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Women Mean Business Colonial Businesswomen in NZ

Women Mean Business Colonial Businesswomen in NZ
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From Kaitaia in Northland to Oban on Stewart Island, New Zealand's nineteenth-century towns were full of entrepreneurial women. Contrary to what we might expect, colonial women were not only wives and mothers or domestic servants. A surprising number ran their own businesses, supporting themselves and their families, sometimes in productive partnership with husbands, but in other cases compensating for a spouse's incompetence, intemperance, absence - or all three. The pages of this book overflow with the stories of hard-working milliners and dressmakers, teachers, boarding-house keepers and laundresses, colourful publicans, brothelkeepers and travelling performers, along with the odd taxidermist, bootmaker and butcher - and Australasia's first woman chemist. Then, as now, there was no `typical' businesswoman. They were middle and working class; young and old; Ma ori and Pa keha ; single, married, widowed and sometimes bigamists. Their businesses could be wild successes or dismal failures, lasting just a few months or a lifetime. In this fascinating and entertaining book, award-winning historian Dr Catherine Bishop showcases many of the individual businesswomen whose efforts, collectively, contributed so much to the making of urban life in New Zealand.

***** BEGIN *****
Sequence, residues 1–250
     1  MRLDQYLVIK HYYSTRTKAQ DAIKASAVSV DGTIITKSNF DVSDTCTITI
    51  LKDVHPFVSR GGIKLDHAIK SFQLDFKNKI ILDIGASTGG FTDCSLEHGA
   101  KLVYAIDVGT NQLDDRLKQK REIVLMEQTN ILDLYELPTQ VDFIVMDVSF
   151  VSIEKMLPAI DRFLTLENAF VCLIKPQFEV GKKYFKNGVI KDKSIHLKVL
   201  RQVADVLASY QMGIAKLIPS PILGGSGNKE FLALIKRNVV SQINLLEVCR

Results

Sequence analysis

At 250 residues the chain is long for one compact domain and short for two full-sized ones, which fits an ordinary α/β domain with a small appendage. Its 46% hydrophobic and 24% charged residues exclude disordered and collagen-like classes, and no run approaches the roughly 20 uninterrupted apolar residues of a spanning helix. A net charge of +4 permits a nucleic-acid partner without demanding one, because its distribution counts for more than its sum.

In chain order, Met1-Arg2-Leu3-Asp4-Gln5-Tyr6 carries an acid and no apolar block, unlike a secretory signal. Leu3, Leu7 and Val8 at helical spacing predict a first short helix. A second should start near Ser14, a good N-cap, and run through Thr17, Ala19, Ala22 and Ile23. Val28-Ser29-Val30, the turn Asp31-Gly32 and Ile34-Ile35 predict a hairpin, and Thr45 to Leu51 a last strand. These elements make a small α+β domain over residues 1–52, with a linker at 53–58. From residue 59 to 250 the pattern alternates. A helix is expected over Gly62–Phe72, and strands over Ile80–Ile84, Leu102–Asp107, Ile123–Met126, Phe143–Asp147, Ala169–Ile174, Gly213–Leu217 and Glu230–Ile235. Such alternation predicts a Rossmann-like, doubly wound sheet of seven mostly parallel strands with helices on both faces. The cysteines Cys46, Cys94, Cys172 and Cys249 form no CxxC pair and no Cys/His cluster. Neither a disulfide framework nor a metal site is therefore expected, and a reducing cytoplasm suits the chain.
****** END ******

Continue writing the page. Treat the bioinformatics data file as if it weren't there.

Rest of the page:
Title: Women Mean Business Colonial Businesswomen in NZ
Author: BISHOP CATHERINE
Format: Trade Paperback
Publishing status: Active
Publication date: 30/09/2019
Price: $45.00
RRP: $45.00
Imprint: Uni Of Otago
Publisher: Otago University Press
ISBN: 9781988531762
Available stock: 3
  • Price: $45.00
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